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Menelaus as Embedded Poetic Figure in Bacchylides 15

Caitlin H Fennerty

Brown University

This paper explores Bacchylides’ innovative treatment of myth in Bacchylides 15 through his engagement with Homer, Hesiod, Solon, and Pindar. The fragmentary poem stages the Greek embassy to Troy, ending with Menelaus’ verbatim appeal to the Trojans to shun hubris (47-63). Pfeiffer’s analysis of the poem’s reminiscences of the Iliad (Il.3.199-224) has elicited appreciation for the surprise the ending would have excited in an audience well-attuned to oral, inter-textual allusions. In the immediate Iliadic subtext, Antenor recounts having entertained Menelaus and Odysseus and contrasts their rhetorical skills. He complements the laconic Menelaus, but dwells especially on Odysseus’ spell-binding effect. Pfeiffer rightly dismissed the argument that Bacchylides was following an alternative mythic tradition from the Cypria in concluding with Menelaus’ speech. Rather, Bacchylides clearly aimed at “toying with audience expectations,” who anticipated hearing “Odysseus’ verbal blizzard” next (Pfeiffer 49). While Pfeiffer convincingly demonstrated that Bacchylides’ ode re-imagines Antenor’s brief description of Menelaus’ words, he did not consider Bacchylides’ engagement with other authors that allows for a fuller account of Baccchylides’ poetic intent in his reenactment of the mythic episode. As Fearn has explored in some depth, the Homeric hero adopts a Solonian/Hesiodic stance as a speaker of dike, warning his audience of the inevitable destruction of Troy if they violate Zeus’ ordinances. Nobody yet, however, has inquired deeply into this generic juxtaposition: i.e., how are we to understand Bacchylides’ excision of Odysseus’ Iliadic speech in favor of presenting Menelaus as an embedded Hesiodic figure?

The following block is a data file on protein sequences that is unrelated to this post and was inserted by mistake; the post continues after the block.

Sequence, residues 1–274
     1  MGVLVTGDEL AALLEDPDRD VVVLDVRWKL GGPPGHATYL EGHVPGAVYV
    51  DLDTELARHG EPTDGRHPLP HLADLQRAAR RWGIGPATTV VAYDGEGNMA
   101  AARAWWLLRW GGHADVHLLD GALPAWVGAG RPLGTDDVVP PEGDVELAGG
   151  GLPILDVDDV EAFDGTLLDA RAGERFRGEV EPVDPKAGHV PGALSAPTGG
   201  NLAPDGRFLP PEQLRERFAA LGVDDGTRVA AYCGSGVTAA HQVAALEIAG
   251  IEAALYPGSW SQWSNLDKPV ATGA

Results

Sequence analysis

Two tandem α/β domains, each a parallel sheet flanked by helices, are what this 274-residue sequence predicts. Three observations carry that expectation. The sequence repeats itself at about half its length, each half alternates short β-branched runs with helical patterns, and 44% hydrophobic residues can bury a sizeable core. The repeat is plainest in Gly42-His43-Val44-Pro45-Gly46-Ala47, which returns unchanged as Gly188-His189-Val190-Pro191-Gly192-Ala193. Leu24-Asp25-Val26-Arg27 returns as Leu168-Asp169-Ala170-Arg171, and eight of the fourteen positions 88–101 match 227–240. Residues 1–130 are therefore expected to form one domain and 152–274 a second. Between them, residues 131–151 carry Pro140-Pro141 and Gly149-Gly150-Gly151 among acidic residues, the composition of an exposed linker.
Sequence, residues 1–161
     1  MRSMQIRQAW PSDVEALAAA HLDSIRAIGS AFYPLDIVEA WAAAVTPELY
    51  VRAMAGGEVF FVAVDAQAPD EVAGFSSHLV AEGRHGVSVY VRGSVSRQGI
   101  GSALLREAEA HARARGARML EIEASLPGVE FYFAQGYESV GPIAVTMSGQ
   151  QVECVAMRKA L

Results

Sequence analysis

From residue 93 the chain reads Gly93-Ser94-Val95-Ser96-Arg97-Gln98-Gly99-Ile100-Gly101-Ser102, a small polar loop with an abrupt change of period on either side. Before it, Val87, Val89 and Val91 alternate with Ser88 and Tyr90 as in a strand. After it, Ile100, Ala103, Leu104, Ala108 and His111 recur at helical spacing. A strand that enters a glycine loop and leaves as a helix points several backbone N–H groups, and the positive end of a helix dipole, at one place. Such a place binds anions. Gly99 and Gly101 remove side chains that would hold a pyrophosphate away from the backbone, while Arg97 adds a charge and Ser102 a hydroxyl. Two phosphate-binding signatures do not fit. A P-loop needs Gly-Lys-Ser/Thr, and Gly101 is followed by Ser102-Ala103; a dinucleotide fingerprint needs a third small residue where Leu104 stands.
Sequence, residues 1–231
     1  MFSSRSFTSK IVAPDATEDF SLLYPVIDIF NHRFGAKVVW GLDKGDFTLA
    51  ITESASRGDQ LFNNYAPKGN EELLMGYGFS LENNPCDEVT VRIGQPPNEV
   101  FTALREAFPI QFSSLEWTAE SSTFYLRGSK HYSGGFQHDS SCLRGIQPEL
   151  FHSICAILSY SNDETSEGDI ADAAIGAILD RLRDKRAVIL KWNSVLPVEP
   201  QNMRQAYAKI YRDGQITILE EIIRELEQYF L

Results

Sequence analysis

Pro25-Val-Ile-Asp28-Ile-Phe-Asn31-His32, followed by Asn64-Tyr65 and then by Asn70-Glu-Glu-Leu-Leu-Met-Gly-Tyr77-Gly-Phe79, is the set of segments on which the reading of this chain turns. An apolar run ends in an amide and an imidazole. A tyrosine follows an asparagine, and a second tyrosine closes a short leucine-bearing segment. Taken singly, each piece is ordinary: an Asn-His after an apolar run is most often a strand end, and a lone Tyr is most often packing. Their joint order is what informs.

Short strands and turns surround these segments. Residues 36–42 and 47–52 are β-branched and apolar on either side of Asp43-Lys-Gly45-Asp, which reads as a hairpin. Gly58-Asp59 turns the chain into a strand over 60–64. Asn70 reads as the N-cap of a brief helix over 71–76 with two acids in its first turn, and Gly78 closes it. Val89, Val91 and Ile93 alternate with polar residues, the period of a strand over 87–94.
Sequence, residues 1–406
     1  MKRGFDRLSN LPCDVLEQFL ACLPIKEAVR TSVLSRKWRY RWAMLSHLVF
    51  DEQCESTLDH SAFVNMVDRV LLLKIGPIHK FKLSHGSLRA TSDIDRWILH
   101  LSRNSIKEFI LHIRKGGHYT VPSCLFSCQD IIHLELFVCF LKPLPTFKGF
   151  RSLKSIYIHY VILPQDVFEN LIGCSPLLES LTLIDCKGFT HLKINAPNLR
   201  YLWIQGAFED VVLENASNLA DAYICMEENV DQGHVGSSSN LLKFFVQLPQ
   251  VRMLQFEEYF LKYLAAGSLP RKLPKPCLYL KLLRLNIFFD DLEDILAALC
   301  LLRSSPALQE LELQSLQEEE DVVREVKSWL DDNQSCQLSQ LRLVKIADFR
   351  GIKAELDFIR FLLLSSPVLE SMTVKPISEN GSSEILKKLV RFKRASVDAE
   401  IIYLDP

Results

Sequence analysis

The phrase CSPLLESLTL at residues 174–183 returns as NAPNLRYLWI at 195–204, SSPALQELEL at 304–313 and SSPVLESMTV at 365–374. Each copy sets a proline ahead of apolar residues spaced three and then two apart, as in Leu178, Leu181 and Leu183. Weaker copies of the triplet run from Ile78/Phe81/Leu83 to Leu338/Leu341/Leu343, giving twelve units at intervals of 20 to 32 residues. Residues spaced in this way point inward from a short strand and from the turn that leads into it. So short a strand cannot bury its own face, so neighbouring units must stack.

In the first section of the paper, I suggest an additional Homeric intertext. Menelaus’s declaration that “not Zeus…but men are responsible for their many woes” (51-53) has been read as an allusion to Zeus’ speech in the Odyssey. However, a more unified reading emerges from treating this as a rebuttal of the Iliadic justification for war articulated by Priam during the τειχοσκοπία scene (3.162-167). There, Priam denies Helen’s culpability for Troy’s suffering, claiming the gods are responsible. In the second section, I argue that Menelaus’ rebuttal of this Iliadic claim may take on aesthetic dimensions when we consider that Bacchylides’ excision of Odysseus’ speech shares close parallels with Pindar’s disavowal of Odysseus as a negative exemplum of Homeric falsehoods in Nemean 7. Bacchylides’ privileging of Menelaus’ words over Odysseus’ suggests implicitly what Pindar makes explicit: Homer has deceived posterity by perpetuating false mythoi which contrast with the “true account” celebrated in his lyric ode. In the final section, I argue that in commemorating Menelaus’ speech, the poet not only rejects Homeric falsehoods, exemplified in the person of Odysseus, but identifies his own skill (σοφία) with that of the truth-speaking Menelaus. In doing so, Bacchylides’ aligns himself and his embedded poetic figure with Hesiod and Solon, both of whom adopt the similar didactic stance of warning their audiences against persisting in unjust behavior. As an embedded poetic figure and a Homeric basileus, Bacchylides qua Menelaus collapses the roles of muse-inspired poet and Zeus-reared king, highlighting his impressive authority as a speaker of dike and truth.

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Early Greek Poetry

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